General Election memories 9: 2015

Britain's Prime Minister David Cameron and his wife Samantha wave as they return to Number 10 Downing Street after meeting with Queen Elizabeth at Buckingham Palace in London, Britain May 8, 2015. Prime Minister David Cameron won a stunning election victory in Britain, overturning poll predictions that the vote would be the closest in decades to sweep easily into office for another five years, with his Labour opponents in tatters.   REUTERS/Stefan Wermuth

Exeter, May 7th 2015.

Some of you may have spotted the occasional hint of pro-Labour bias in this blog. From this, you might very well have concluded that I would have been more than slightly disappointed with this election’s result.

You would be right.

What is more, while you may, for all I know, be reading this at some point during Boris Johnson’s second term as Prime Minister in 2024, I am writing this in the same month the election actually happened. So be kind please: the wounds are still raw.

That said, I am at least fortunate not to be a Liberal Democrat. I was never keen  on the idea of a Lab-Lib coalition bin 2010, not because I disliked what was then the third party but because I felt Labour had so clearly lost that it would look a bit desperate for Gordon Brown to attempt to cling onto power. It was a Rainbow Coalition, after all. And there can be no Brown in a rainbow.

I have mixed feelings about what followed. Nick Clegg proved both hopelessly naïve and horrendously cynical: naïve for not getting more out of the Tories when they needed him so much, cynical for ditching the pledge on tuition fees so shabbily.

They all suffered for it in the end anyway. It gave me no joy to see good anti-coalition types like Simon Hughes lose their seats in 2015. It couldn’t have been nice for Nicky’s old MP Paddy Ashdown (who I had briefly met a few years earlier in his old seat of Yeovil) to see his life’s work unravelling so fast before his closed eyes on election night either. Yeovil by now under the decent although essentially Tory Lib Dem David Laws went blue. Indeed everywhere except Exeter in the south west is now blue. 25% of the parliamentary party are now running against each other for leader. Neither contender looks even vaguely promising. Another 12.5% of the party is actually ex-leader Nick Clegg. It will take them decades to recover.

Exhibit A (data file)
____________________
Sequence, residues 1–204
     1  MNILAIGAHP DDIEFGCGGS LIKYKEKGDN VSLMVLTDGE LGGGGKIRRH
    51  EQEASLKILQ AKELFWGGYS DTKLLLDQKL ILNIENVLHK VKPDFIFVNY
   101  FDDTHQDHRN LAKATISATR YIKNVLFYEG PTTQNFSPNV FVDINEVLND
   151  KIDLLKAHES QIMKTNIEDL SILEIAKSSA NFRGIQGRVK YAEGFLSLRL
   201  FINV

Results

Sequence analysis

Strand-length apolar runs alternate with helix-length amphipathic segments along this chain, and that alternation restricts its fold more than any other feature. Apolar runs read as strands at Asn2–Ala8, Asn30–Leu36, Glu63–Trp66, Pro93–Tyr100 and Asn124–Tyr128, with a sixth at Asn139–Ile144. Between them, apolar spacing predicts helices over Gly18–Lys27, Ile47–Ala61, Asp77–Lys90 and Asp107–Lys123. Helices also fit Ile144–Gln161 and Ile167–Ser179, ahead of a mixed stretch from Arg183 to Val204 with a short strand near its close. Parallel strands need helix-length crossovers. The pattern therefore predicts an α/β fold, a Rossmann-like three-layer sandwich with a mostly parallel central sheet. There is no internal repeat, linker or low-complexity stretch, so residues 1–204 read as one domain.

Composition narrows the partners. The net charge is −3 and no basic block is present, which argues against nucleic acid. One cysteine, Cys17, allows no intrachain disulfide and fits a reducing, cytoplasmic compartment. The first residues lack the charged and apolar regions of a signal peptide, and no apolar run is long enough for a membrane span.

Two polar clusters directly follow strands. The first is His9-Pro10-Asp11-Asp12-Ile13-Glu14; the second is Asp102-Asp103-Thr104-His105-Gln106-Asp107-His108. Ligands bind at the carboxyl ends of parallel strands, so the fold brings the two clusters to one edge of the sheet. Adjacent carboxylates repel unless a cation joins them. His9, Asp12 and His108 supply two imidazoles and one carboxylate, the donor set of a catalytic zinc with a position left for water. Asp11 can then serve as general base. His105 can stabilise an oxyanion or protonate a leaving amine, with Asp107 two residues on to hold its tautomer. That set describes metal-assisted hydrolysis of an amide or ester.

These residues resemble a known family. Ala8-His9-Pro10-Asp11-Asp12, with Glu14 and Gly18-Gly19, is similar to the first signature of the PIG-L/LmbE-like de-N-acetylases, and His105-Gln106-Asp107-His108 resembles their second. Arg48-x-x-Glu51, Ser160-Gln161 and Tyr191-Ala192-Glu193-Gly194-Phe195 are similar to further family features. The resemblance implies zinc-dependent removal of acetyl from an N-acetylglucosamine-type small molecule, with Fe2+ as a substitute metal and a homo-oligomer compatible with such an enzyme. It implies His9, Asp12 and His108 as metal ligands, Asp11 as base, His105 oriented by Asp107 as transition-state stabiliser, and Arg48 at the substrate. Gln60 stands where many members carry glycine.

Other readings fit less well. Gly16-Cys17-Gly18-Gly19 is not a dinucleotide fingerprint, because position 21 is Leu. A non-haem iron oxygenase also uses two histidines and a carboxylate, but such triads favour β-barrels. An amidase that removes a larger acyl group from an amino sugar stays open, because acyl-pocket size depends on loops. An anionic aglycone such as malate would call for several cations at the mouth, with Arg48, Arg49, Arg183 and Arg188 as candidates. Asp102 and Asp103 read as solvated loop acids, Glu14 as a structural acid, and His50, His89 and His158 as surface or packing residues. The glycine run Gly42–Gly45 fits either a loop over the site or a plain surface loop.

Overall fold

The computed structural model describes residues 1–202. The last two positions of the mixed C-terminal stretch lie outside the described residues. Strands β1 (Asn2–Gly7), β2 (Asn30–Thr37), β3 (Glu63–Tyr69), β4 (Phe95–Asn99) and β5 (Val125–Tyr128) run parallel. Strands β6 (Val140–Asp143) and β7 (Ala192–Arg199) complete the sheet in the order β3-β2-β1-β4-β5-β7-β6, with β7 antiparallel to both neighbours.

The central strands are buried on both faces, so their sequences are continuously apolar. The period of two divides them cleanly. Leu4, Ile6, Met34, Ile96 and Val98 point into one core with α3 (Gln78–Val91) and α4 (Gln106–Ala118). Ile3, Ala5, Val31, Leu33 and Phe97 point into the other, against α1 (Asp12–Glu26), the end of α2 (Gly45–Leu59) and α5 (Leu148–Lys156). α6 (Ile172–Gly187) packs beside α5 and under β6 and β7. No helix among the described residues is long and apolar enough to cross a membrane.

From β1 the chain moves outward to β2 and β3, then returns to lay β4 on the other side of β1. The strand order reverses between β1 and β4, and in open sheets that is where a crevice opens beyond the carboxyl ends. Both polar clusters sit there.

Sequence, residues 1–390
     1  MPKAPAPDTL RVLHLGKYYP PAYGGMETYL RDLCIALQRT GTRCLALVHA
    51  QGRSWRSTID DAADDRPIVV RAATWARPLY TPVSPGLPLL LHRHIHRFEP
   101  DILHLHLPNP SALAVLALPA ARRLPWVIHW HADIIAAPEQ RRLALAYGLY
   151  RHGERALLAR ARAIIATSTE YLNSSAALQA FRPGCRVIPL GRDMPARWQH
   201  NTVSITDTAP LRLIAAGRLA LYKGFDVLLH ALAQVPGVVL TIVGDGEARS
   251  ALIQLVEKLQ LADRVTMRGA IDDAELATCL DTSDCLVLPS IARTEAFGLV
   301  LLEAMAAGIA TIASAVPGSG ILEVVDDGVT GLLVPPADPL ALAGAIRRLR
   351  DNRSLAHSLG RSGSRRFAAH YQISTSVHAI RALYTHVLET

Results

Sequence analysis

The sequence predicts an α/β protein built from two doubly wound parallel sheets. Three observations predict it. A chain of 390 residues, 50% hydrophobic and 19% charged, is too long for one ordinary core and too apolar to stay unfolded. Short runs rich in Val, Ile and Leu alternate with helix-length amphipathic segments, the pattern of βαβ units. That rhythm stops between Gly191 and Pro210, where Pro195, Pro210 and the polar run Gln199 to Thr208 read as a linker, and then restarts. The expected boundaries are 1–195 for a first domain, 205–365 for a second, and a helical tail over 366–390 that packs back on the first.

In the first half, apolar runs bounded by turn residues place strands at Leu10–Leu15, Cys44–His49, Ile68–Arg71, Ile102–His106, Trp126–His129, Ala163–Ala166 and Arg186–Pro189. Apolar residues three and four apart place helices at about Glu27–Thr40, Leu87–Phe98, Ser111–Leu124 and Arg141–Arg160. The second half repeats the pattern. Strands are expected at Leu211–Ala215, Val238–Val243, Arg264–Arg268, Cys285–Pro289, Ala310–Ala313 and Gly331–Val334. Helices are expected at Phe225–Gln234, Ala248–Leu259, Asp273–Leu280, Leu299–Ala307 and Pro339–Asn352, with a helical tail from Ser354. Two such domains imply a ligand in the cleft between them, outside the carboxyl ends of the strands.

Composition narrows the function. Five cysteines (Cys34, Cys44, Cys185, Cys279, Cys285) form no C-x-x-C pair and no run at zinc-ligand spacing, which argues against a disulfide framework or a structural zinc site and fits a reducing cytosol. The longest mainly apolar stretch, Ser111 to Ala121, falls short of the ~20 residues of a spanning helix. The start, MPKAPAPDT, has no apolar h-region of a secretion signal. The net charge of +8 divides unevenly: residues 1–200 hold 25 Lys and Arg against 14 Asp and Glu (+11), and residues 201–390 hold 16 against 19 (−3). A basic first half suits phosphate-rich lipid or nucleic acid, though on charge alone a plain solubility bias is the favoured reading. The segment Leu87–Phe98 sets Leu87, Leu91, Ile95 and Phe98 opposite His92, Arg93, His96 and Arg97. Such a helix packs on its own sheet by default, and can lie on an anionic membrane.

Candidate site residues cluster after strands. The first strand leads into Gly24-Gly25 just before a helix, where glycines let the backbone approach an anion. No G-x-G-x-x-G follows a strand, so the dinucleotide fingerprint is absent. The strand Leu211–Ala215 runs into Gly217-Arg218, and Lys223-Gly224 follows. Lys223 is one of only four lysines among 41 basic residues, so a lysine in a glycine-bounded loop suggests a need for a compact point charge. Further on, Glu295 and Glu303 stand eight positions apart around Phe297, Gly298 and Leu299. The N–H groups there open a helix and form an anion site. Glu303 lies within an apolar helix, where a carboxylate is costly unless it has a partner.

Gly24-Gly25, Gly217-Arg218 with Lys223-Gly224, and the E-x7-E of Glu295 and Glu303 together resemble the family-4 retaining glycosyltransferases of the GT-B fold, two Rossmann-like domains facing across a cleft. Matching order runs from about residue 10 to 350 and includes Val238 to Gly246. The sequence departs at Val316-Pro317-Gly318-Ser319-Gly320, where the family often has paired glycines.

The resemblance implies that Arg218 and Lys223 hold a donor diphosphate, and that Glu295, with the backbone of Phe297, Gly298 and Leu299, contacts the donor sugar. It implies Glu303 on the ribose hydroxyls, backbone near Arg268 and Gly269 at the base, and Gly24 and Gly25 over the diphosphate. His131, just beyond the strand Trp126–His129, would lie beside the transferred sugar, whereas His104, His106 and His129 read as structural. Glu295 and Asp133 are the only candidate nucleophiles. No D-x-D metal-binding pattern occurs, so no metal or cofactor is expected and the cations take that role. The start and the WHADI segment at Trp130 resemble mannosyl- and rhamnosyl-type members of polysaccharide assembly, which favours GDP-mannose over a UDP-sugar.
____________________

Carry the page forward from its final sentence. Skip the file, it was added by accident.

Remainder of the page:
Ben-chatting-with-constituents

But Exeter had survived. I had been photographed with Exeter MP Ben Bradshaw two weeks before the election. I had just completed my postal vote and by chance was the first proven Labour voter to be found by the Exeter Labour doorknockers. Bradshaw is a hugely popular MP and thus managed to triple his majority in the city even as everywhere else swung to the Tories. He is now running for Deputy Leader. His local campaign was very well organised and Bradshaw is a hugely motivational figure.Had the swing in the UK been replicated in Exeter, it would now be a Tory seat.

Ed-Miliband-v2

My hometown of Peterborough had been less lucky. I had been slightly involved in the campaign of the excellent Labour candidate Lisa Forbes and we seemed in luck: Tory MP of ten years Stewart Jackson seemed intent on showing how unpleasant he could be. He began the campaign with a damaging gaffe in which he essentially insulted a homosexual constituent. http://www.bbc.co.uk/news/uk-england-cambridgeshire-32128877